The EU is on course to a 30% reduction also because industrial plants shut down in Europe and production was outsourced to Asia where the environmental standards are less rigorous.

    I’m all for climate action but we can’t ignore the economic and political reality. Without a global agreement all this talk about emission reduction and green energy remains academic.

  15. Preeem says:

    Yes, that last point about Grey emissions is something that I am very concerned about too. Here in Switzerland where I live, half of our GHG emissions are indirect, because of production and transport of our goods, according to one study that I once had to write a report on. Many of our environmental externalities have been outsourced to Japan, first, and then China when we decided tha the Rhine river would no longer be polluted by our income-earning chemicals. Now we do the R&D and the small scale high-earnings production and we sent all of the dirty chemicals that once made Basel famous to be produced elsewhere. Environmental regulation only came about once we were wealthy enough to outsource all the low-paying, bulk, dirty work somewhere else and keep service jobs here.

    I’m pretty sure this is more or less happening all over Europe. France has been heavily de-industrialised in the past decades, much to the dismay of many an unqualified worker in textile or automobile industry.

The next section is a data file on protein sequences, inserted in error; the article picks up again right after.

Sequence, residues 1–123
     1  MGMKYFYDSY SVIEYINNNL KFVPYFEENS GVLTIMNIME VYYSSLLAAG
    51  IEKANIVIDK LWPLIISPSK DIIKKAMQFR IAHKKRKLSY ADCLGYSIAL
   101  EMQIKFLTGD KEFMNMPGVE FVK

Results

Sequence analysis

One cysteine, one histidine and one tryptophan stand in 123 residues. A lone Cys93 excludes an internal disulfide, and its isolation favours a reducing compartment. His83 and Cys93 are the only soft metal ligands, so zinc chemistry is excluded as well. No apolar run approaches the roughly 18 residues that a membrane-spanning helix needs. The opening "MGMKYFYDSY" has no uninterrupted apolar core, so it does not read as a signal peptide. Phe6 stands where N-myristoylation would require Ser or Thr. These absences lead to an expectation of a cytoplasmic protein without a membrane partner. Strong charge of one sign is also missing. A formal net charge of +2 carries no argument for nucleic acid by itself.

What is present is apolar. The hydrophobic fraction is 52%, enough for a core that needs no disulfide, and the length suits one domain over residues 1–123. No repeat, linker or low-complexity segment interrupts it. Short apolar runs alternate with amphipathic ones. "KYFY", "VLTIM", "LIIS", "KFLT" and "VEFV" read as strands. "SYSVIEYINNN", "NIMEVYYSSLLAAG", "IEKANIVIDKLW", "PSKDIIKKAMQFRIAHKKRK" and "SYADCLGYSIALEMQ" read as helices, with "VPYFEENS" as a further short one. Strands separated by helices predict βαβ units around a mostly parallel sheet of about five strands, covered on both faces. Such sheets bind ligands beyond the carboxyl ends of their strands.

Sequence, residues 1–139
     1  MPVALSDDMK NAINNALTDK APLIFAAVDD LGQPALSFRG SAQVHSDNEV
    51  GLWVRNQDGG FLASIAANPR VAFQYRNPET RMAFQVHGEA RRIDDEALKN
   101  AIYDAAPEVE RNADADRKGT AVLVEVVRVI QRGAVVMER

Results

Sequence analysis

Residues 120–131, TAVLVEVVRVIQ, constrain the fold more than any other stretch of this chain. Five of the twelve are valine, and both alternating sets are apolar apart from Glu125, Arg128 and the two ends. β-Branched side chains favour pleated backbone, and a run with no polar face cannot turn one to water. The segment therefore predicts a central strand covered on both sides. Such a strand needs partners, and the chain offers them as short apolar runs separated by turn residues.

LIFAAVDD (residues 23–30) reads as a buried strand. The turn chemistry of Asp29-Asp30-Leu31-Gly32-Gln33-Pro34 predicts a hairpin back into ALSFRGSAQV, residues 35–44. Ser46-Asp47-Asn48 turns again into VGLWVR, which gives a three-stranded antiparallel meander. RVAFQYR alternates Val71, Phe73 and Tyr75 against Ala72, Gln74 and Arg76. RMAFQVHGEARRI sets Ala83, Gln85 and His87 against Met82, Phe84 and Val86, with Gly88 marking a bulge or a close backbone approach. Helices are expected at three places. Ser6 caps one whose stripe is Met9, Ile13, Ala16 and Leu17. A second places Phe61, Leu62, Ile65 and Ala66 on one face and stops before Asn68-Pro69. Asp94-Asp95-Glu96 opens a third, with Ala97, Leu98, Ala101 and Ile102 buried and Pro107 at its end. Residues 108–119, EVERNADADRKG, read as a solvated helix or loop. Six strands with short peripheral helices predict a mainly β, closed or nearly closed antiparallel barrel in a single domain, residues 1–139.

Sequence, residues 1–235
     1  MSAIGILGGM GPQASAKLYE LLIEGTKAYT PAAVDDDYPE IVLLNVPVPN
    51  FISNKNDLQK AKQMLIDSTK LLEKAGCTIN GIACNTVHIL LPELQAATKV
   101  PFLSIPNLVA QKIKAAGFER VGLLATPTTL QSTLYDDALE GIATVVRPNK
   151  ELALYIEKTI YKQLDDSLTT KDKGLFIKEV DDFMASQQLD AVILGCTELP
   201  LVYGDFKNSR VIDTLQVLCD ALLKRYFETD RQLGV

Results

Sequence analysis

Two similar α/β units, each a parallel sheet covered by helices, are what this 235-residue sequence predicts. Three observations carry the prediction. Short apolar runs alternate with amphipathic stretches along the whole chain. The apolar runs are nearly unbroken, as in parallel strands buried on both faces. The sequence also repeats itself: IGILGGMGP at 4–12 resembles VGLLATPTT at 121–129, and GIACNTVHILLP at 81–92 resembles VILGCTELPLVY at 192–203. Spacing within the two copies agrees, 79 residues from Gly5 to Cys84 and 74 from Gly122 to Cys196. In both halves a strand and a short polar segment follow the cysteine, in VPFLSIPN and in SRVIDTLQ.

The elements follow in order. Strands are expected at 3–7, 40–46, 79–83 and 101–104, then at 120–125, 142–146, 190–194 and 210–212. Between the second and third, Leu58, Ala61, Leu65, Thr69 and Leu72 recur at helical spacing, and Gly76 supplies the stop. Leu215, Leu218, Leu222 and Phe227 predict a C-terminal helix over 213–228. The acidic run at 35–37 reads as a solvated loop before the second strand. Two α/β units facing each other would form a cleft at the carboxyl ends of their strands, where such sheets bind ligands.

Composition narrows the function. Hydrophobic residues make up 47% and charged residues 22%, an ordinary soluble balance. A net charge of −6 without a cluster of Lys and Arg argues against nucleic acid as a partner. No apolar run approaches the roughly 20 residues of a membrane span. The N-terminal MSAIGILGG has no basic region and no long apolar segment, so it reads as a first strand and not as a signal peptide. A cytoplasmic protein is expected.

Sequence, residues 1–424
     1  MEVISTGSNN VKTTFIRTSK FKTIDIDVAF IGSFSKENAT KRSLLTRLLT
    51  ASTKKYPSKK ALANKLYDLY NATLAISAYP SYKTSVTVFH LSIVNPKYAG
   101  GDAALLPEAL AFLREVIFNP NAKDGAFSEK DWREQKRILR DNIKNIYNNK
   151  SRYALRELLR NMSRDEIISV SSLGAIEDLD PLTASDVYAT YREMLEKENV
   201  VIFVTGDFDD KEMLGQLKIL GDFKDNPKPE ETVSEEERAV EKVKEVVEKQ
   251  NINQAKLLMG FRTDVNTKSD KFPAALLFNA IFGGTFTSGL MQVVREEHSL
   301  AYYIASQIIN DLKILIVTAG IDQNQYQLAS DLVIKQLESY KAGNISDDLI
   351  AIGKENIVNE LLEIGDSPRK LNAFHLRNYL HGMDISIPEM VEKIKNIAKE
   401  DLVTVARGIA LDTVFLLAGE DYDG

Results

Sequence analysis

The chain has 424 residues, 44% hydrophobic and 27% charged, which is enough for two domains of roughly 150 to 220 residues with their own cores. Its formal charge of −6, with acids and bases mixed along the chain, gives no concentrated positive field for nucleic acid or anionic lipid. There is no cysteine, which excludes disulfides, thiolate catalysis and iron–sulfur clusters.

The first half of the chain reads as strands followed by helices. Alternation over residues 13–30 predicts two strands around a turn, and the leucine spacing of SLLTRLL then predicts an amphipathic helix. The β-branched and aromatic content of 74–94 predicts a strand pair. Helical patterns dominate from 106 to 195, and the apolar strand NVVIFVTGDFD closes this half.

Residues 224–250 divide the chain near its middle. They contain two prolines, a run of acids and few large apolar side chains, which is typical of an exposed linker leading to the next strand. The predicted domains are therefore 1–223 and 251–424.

In this sense, projects and concepts like the 2000 Watt society, or reduction of GHG emissions cannot take place meaningfully by only taking into account domestic activities. Much like the distinction between GDP and GNP is made, we need to take into account the emissions that we are buying as part of products and services we consume that reside elsewhere.

    However, apart from a border tax, I think this is really difficult.

  16. Lewis Cleverdon says:

    UK Energy and Climate Change Secretary Chris Huhne (from the Liberal Democrat wing of the governing coalition) attended his first meeting of EU Environment Ministers on Friday 11 June in Luxembourg. On the agenda was the European Commission’s recent paper on the moving beyond a 20% EU emissions reduction target, as well as a discussion on the state of play of the international climate negotiations.

    Speaking ahead of the meeting, Secretary Chris Huhne said: